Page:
By, John J White, III
Originally published in The Midwestern Epigraphic Society Journal
The author has found so many examples of significant EMSL words that some have become lost for lack of a suitable opportunity for discussion. The most important case is the so called “orphan”, an additional example that should have been explained in a previously published paper.
You may know that Central Asia has a second great desert comparable with the ‘Gobi’. This desert is called the ‘Takla Makan’, and it surrounds the Tarim Basin in western China. The name probably means The-Kala-Mighty-People or The-Mighty-Kali-People in EMSL. This name honors the great Indian Earth Mother “Kali-Ma”. The Chinese discriminate against the Central Asians, and one of the reasons may be the occurrence of brown skin. The successful Neolithic era in India led to the export of many brown-skinned people (Caucasian/Dravidian mixture). Also, western India was Buddhist around the time of Christ, leading to the spread of Buddhism to the Silk Road via the Khyber Pass. If you look at photographs of 19th century Apache Indian people, you will dark-skinned Caucasians with only 10% Chinese heritage. These are Dene people, Silk Road guardian soldiers from the Tarim Basir., who came to America to escape Chinghis Khan in 1233 CE (Ethel Stewart).
I recently wrote a short piece on the word “Semana” that needs an addition. “Semana” means The-father and has all manner of attributions including “Priest or Shaman”, “Week (Spanish)”, and “male reproductive fluid”. Father-words almost always have a “wisdom” attribute, and I failed to look for it previously. I recognized the omission when I thought about the English word “semantics”. “Semantics” is from the Greek “seman(a)ta” and is concerned with the meaning of words. “Mean” is a corrupt mena word that belongs with the words “knowledge/gnostic”, “widsom” and “think”. The word for mean” in Old Frisian is “mena”. Patridge gives us a clue by pointing out that “Semnos-” is an old Greek word for revered/-holy, giving us another EMC connection to the “Shaman” usage. And while I found no proof, it is easy to see that “think” could be a contraction of the-naka, meaning “the father”.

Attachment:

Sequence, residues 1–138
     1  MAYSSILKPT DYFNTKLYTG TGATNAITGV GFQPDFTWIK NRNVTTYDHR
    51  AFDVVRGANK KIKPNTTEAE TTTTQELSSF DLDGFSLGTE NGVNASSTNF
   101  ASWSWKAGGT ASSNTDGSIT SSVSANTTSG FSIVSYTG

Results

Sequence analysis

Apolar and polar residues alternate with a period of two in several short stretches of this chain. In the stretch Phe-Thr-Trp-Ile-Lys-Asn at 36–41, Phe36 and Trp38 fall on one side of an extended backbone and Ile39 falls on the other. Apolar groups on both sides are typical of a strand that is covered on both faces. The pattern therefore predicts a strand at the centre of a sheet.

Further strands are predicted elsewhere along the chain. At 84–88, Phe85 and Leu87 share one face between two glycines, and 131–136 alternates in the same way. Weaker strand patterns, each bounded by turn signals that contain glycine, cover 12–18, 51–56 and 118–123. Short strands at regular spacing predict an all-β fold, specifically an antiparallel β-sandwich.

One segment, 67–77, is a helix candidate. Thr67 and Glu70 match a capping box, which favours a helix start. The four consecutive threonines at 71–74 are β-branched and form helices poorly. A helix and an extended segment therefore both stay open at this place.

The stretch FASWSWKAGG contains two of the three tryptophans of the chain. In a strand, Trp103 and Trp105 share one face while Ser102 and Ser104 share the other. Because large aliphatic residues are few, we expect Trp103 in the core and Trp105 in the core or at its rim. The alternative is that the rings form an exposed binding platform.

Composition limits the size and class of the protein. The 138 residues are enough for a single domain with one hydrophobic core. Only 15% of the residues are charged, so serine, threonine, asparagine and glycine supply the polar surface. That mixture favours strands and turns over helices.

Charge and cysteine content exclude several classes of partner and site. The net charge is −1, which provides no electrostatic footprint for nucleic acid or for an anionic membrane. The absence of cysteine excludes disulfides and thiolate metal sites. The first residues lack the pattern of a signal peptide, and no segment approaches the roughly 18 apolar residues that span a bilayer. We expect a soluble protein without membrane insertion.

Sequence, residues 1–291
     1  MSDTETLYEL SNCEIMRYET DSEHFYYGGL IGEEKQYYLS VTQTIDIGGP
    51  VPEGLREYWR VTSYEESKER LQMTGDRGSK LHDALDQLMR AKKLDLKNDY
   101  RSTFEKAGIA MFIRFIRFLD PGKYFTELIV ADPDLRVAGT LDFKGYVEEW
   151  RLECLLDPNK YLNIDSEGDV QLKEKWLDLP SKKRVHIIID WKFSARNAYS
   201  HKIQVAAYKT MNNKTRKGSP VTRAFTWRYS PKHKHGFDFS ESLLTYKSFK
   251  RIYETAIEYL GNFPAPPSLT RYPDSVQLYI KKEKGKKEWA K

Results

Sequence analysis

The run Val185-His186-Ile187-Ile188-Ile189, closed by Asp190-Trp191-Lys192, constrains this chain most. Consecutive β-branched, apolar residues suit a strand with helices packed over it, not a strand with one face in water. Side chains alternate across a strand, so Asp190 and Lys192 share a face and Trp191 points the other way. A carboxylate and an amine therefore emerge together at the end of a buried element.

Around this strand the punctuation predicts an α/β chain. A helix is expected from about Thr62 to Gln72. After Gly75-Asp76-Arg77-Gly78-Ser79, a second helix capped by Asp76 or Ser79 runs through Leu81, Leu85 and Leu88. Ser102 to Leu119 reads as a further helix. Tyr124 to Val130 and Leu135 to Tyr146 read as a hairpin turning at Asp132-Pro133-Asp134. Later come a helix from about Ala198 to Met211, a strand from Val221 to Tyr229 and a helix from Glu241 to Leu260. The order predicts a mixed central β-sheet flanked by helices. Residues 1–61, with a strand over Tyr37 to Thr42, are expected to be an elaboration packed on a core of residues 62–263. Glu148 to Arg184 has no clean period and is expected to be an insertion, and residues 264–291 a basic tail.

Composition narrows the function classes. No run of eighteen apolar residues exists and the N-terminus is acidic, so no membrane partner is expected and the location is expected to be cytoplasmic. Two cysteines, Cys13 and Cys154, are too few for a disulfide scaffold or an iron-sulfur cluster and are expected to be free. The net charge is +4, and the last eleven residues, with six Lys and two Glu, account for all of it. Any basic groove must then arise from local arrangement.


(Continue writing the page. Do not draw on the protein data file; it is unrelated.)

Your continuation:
I went to a concert of the “Trio Voronezh”, who played classical music on old Russian instruments. They played a “Gypsy Dance” by composer Alexander Zigankov, who would likely be an ethnic Gypsy. Several years ago, I pointed out that the Gypsies are “Jattni” from India. They will use any permutation of the “Ga-ta-ni” (Spanish) name. “Zi-ga-n(i)” is such a name and is identical to the German version pronounced “Ze-gu-ne(r)”. Zigan likely refers to an ethnic Gypsy!
There is a naming confusion among the terms “manu, “ganu/kanu”, and “magu/maku”. These words meant “father”, “father/serpent”, and “mighty” in the old days, but the usage can be understood. The term “manu/mano/mana” has the attribute meaning of hand, which derives from the “hand of god” rock art symbol. Thus “mano” in Spanish means hand, as does the “manu-” in manufacture. But the “manu” in the Irish surname McManus is likely the sacred name father, because that would be the name of the clan or the clan king. “McManus” is not a corruption of “McMagnuson”! Recall the “Book of “Manu”.
The terms “magnus” and “magnates” mean great and leading people today. From an EMSL point of view, these are corrupt words because “maga/maka/maha” is the root for great, and nothing is gained by adding the “na/nu” term. The solution is to recognize that the “g” is really a “gg” that cannot be heard. Thus the EMSL correct “mag-gnus” would really mean great-father and “mag-gnates” would really mean great-fathers. Note that the words “mega, majo(r), and magic” are also derivatives of the old “maga/maka/maha” root.
Most people are insensitive to the high frequency of “naga/nara” words with the basic meaning father/serpent. A good example is the Spanish “Senor”, which clearly means The-father and its English derivative “Senior” implies Old-father. A “Senator” is a “Se(g)nate”, meaning The-father.
1. JJ White, “Earth Mother Sacred Language: A Key To Ancient Names Worldwide”, Midwestern Epigraphic Journal 10(1), 23-33 (1996).
2. EG Stewart, The Dene and Na-Dene Indian Migration – 1233 AD: Escape from Genghis Khan to America, ISAC Press, Columbus, GA, 1991.
3. JJ White, “Findings Related to the Ancient Name ‘Samana'”, Midwestern Epigraphic J 15, 1p (2001)
4. Eric Patridge, Origins: A Short Etymological Dictionary of Modern English, Greenwich House, New York, 1983, pp 373, 378, 384, 390, 602-604, 621-622, 713-714, 913, and 947.
5. JJ White, “Gypsies: Strange Nomads from the Past”, Midwestern Epigraphic Journal 10(2), 65-66 (1996).
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